Since beginning our farm website I’ve relied on some basic best practices and the little fish, big pond theory of security. The theory being, what could someone possibly want with a little farm website when there are so many bigger, better sites out there that would make better hacking targets.
My first introduction to unwanted outsiders was when I started getting comments on my posts from spammers. We had 25 people a day hitting the site but I’d have 50 comments in one day, all spam. Some quick research revealed that Akismet was the preferred plugin for WordPress to control the spam and it has worked flawlessly since day one. Finding that there was such a problem, and that the solution was so simple was a wakeup call to me that I had to be more informed about WordPress. I did a search of WordPress podcasts and after trying out several I settled onto Kim Doyal, The WordPress Chick. I listen to her podcasts along with my normal rotation of other podcasts and try to pick up tips on how to run our farm website. Recently Kim ran through some of her favorite plugins and she recommended Brute Protect to protect your website against brute force attempts to hack you administrator account. Now I felt like my password was pretty secure and I hadn’t had any problems with being hacked so I’m probably ok. But Kim really recommend we protect ourselves so I decided to install Brute Protect just to be safe. The way Brute Protect works is it’s a collective group of sites that are protected. Whenever one site is hacked or attempted to be hacked, the IP address of the hacker is recorded and all the other sites are automatically updated with that IP address. If that IP address then tries to access another WordPress site, Brute Protect block their ability to log in, even if they correctly have the password. Sounds good. I didn’t need it, but it was a free plugin and what could it hurt. I installed Brute protect earlier this week. Today I pull up my dashboard and see this.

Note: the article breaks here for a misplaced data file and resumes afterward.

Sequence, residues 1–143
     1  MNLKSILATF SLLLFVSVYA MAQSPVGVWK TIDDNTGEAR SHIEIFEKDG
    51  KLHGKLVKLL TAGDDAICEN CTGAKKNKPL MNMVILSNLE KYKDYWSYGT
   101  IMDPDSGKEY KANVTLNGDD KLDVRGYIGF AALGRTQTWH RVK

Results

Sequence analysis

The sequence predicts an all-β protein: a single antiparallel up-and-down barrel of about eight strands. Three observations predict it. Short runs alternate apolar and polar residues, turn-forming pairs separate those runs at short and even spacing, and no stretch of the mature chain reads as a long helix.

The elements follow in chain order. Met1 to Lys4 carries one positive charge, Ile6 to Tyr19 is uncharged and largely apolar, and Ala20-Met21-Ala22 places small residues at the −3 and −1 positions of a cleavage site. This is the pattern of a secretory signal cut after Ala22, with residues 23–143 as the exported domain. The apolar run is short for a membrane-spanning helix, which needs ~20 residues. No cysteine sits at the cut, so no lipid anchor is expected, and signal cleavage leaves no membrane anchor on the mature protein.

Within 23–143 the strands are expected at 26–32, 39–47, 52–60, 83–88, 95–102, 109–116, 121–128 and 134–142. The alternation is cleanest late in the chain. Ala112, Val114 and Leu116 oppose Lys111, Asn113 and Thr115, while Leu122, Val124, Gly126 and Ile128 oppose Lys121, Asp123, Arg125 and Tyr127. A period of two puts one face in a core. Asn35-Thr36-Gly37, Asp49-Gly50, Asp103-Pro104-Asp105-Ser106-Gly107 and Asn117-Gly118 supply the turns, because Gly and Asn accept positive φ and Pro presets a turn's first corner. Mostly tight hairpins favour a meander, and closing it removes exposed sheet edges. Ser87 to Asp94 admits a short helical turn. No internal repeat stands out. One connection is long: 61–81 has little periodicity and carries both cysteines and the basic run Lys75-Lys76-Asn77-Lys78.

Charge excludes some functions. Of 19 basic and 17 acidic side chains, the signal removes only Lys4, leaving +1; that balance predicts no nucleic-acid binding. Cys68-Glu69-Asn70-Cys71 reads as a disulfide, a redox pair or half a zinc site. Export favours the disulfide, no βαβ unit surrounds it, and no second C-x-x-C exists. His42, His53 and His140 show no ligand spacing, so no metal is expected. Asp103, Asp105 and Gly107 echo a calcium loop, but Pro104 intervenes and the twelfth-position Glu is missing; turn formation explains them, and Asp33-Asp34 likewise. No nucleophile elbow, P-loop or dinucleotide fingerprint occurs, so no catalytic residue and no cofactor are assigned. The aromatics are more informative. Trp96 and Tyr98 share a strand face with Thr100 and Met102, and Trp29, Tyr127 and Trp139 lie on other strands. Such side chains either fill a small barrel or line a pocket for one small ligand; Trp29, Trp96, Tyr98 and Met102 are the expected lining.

As you can see, Brute Protect has 101,475 WordPress websites in the network. What’s especially interesting is that already this week it has stopped 11 “attacks” on our website. I don’t know what constitutes an attack but I have to assume that at a minimum someone from a blocked IP address tried to access the website. Someone from a blocked IP address isn’t stopping by to buy beef so as far as I’m concerned this plugin is gold. If you are on WordPress, Brute Protect should be on your website.